Liked by 1 person

    1. Absolutely. Given our geological stability, advanced technology, low population density and plentiful Uranium reserves, the fact that we have no nuclear generation is ridiculous. Only a few large plants would be required given our relatively low total energy consumption, and they could provide largely clean, safe and secure base load generation for the next 50 years.

      Liked by 1 person

  4. Renewable energies rely heavily on favourable weather conditions to operate, whether it is a sunny or windy day, some form of renewable energy generation can happen. Coal has the advantage of being able to be used in all weather conditions, at the cost of being non renewable and damaging to the environment.
    The future cannot be solely coal, as reserves are running out and can’t hold out forever, the future must be able to be both renewable and reliable for use in all weather conditions. A combination of solar/wind powered and nuclear energy would be a good alternative to coal as nuclear can be used in all weather conditions, but also use more renewable energy when the conditions are right.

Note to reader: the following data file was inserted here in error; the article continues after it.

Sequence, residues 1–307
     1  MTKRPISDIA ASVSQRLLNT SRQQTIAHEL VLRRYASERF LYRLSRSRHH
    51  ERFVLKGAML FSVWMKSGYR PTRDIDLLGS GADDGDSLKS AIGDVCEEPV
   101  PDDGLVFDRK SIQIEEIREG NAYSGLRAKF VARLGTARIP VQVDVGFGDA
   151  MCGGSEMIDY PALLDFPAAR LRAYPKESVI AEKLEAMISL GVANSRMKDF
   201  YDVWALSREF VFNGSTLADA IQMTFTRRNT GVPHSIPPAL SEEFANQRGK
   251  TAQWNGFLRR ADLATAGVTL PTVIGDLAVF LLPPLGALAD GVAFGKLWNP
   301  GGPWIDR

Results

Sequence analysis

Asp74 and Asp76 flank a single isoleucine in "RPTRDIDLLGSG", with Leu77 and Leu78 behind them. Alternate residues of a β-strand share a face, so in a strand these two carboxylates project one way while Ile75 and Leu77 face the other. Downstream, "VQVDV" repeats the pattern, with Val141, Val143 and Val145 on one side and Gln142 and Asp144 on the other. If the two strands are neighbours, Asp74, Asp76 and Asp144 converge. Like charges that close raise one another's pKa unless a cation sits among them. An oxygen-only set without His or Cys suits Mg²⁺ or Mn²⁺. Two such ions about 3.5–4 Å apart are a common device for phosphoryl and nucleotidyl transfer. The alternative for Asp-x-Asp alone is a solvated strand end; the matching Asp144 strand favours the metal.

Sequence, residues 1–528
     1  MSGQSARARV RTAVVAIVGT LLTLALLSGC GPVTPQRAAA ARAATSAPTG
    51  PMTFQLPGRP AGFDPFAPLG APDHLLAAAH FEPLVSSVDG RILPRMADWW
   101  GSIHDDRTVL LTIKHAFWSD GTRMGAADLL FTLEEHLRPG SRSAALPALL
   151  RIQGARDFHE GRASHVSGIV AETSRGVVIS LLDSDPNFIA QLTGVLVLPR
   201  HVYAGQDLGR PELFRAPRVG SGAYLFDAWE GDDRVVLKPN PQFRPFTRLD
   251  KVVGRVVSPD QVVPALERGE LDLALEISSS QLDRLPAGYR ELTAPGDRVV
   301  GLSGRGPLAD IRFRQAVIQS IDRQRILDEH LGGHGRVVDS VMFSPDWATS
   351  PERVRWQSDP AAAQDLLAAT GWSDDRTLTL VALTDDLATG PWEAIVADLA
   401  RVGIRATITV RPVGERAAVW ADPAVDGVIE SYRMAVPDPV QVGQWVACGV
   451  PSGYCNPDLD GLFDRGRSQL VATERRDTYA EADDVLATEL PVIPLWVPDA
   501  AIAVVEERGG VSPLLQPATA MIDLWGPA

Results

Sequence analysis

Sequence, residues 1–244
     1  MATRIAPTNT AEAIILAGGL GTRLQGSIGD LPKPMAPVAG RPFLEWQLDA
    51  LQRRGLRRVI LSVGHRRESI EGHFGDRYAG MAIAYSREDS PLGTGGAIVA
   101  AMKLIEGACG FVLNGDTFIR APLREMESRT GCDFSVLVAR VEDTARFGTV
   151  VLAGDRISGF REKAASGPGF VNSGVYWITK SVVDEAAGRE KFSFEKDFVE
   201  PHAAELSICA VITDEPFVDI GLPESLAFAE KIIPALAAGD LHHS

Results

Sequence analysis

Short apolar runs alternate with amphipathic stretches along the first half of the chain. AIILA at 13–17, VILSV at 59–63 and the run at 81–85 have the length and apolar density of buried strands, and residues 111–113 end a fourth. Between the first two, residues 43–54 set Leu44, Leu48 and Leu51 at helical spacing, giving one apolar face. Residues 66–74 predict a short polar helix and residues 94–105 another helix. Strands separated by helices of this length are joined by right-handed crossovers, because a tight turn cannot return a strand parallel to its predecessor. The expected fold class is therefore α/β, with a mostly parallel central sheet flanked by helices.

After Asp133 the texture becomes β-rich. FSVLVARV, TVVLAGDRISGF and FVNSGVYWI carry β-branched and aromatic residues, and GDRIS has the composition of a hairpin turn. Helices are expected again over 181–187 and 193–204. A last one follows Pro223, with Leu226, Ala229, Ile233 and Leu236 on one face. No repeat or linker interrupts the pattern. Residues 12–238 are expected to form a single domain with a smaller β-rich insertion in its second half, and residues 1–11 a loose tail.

Liked by 1 person

  5. Although employment rates would take a hit from the shift from coal to renewable energy, jobs in the renewable energy sector would increase and have potential to pick up some of what was lost. If the government could also put a focus on retraining/reallocating workers that previously worked in the coal industry to working in renewable energy, the decline of employment rates and also the opportunity cost of the shift could be minimized.

    Liked by 1 person

  6. ‘Clean coal’ seems to be a bit of an oxymoron. What exactly does it encompass? Is it just a way for the government to paint coal as an environmentally friendly fuel?

    Liked by 1 person